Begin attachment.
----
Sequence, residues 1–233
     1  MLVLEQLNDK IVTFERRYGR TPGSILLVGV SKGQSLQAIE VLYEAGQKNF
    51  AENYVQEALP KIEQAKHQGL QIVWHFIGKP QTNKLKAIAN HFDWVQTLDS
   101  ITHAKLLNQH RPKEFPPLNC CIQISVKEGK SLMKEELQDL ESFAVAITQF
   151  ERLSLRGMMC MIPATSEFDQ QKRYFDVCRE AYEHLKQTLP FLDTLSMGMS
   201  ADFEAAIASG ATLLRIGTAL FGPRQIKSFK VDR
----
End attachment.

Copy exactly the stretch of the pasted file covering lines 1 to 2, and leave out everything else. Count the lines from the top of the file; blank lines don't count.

Sequence, residues 1–233
     1  MLVLEQLNDK IVTFERRYGR TPGSILLVGV SKGQSLQAIE VLYEAGQKNF